-Yes, my ambition is to coach a football team in Japan. I understand that it
is becoming very popular over there.
-I wish you all the luck in the world, Emmet, and hope that your ambitions
-Now folks I have here a very good friend of mine. Leo Diksas.
-Yes, I wrestled the state champ to a tie. Later I lost my chance for city champ-
ionship when I was defeated in my second bout.
-I know that you are modest, but I think if you hadn't acquired a cauliflower-
have you been on the basketball team?
I understand that you wrestled the state champion. Is that true?
By the way, what would you like to do after you graduate?
-I'd like very much to become a professional wrestler.-
-Oh, hello there Jackie, step right up to the mike. I want to ask you a few
questions. This is Jackie Parker, ladies and gentlemen.
How did you earn that athletic letter?
-Oh, I earned this letter by playing soccer.
-Soccer? Well that's something different. Do you get a big kick out of it:
-Yep, one of the most thrilling games I ever played in was at Oak Park. I was
playing goalie and we were leading by a score of l to 0, with just a few mlinutes
left to play. At this critical moment our team was penalized. The opposing
team kicked a penalty shot into the corner and I had to dive in and stop the ball
from hiitting our goal, thus winning the game for good old Tilden.
-That must have been quite an exciting moment. Have you participated in any
-Yes, baseball. I had quite a bit of luck in one game I played with the Tilden
team some time ago. I was pitching on the Tech Junior team. Our opponents
were a team called the 'Tigers'. I succeeded in shutting this team out with only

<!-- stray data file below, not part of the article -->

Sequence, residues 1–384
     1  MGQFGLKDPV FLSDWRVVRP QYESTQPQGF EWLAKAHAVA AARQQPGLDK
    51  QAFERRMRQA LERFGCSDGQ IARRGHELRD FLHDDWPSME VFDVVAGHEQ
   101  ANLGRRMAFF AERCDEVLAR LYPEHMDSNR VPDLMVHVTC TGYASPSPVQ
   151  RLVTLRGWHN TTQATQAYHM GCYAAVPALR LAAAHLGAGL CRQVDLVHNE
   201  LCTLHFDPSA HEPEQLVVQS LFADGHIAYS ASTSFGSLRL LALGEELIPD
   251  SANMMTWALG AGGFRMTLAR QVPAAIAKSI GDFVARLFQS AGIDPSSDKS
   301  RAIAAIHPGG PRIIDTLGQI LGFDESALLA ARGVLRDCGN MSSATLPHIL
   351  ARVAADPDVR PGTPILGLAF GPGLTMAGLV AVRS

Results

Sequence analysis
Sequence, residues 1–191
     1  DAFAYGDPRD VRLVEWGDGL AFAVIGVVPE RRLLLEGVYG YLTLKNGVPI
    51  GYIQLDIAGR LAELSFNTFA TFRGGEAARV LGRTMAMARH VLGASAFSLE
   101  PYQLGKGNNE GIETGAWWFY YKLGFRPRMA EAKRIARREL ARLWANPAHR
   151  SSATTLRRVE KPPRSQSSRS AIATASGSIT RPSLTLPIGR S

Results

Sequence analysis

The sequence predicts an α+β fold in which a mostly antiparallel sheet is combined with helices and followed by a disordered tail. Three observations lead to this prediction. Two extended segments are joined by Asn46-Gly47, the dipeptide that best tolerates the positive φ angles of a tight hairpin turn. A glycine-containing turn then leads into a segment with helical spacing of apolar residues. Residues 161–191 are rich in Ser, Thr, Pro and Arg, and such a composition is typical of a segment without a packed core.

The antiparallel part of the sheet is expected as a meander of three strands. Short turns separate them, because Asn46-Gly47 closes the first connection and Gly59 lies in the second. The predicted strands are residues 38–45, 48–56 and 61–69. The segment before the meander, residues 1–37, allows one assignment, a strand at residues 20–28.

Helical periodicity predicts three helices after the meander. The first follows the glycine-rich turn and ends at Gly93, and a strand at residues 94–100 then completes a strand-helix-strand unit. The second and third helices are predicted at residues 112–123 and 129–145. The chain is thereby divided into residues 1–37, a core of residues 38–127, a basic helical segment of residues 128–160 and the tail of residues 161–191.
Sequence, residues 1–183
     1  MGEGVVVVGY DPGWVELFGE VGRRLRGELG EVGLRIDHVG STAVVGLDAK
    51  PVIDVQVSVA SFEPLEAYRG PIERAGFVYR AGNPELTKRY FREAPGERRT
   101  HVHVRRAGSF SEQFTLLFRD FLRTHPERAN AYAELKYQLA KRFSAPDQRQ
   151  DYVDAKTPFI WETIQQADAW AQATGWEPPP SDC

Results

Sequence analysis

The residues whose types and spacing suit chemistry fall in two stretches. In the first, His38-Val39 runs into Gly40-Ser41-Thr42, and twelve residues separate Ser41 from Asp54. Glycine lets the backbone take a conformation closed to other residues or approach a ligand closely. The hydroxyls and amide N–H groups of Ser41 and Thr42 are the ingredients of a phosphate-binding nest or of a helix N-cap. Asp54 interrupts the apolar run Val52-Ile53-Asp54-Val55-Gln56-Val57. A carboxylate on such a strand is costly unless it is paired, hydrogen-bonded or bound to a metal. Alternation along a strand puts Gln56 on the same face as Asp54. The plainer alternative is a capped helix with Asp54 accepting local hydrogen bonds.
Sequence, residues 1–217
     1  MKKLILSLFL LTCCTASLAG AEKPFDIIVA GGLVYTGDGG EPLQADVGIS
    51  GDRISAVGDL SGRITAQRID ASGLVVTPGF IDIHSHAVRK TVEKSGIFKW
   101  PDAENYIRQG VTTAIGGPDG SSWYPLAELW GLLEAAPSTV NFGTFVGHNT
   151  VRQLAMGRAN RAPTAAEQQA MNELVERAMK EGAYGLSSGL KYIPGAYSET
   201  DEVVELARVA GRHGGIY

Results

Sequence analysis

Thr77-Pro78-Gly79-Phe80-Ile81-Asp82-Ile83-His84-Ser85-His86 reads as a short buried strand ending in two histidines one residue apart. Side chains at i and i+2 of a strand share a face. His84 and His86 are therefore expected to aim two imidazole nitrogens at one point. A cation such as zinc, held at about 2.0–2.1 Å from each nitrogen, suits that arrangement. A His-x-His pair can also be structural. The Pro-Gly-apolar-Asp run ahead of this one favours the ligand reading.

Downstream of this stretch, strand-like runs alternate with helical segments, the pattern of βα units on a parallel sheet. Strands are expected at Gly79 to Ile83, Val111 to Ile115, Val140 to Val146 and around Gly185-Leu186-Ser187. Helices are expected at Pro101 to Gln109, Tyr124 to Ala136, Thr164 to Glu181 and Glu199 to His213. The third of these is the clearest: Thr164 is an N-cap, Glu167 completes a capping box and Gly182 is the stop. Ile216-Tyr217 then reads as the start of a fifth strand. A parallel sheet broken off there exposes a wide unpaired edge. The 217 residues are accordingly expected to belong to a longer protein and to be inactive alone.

three scattered hits.
-That was pretty good pitching, Jackie. What's your ambition, - to be a
-No, I'd like to be a baseball pitcher in the big leagues.
-Well, just keep up at your present rate and you will be soon. -
-Now., radio audience, we have a pretty husky fellow before us now whom I
take to be a football player. Is that right, Shumaker?
-That's correct, Mr, Announcer. I like to take the ball through the line or on an
end run. I get most fun, however, out of place-kicking.
-I suppose you would like to be a professional football player?
-Yes, I would, but I'd like to play college football first.
-I think that if you keep up the good work, you will succeed.
Don't look now folks, but here comes Bill McDonough, our own midget basket-
ball player. Hey Mac, how about saying a few words over the mike? How long
have you 'been on the basketball team?
-I've been on 'it for over three years, 'but don't forget I was also on the swim
squad for two years. I guess you don't know that I was the smallest basketball
player in high school competition. I have taken part in some very exciting games:
but for that matter, I don't think that basketball :is ever a dull game.
-Thanks a lot, Mac. I hope that you will play the game of life as well as you
play the game of basketball.-Now ladies and gentlemen, I want you to listen
to one of Tidlen's foremost athletes. He is none other than B'ill Gudgeon, Co-
Captain of the swimming team and considered the fastest breast-stroke swim-
mer Tilden ever had. How about that, Bill?
-All that I can say is that I enjoy swimming very much, and that is probably
why' I can swim just a little faster than the other fellows.
-What other things do you do in the water?
-I play the part of a clown and do all sorts of fancy diving on every circus n-ight.
-I suppose that your ambiton is to be a professional swimmer?
-No, I'd rather be on the United Sates Olympic swimming team some time.
-Now folks I have succeeded in coaxing to the mike a gentleman 'by the name
of 'Tippy' Thomas. I-Ie is one of the brightest stars of the basketball team, you
know. Tell me something about yourself, Tippy,
-Well, I don't care to brag, but the records show that I've made more points
in fewer games than any other member of the team. I would like to continue
playing basketball after I leave school, for it has become quite a passion with me.
-Looming up before me now is Louis 'Tiny' Rymkus. Suppose you give us some
information about yourself, Tiny.
-You know, Mr. Announcer, some people saw me get in every one's way on
the gridiron so they gave me the title of All-Tackle. All my friends say I should
study to be a piano mover, but I would rather become a professional football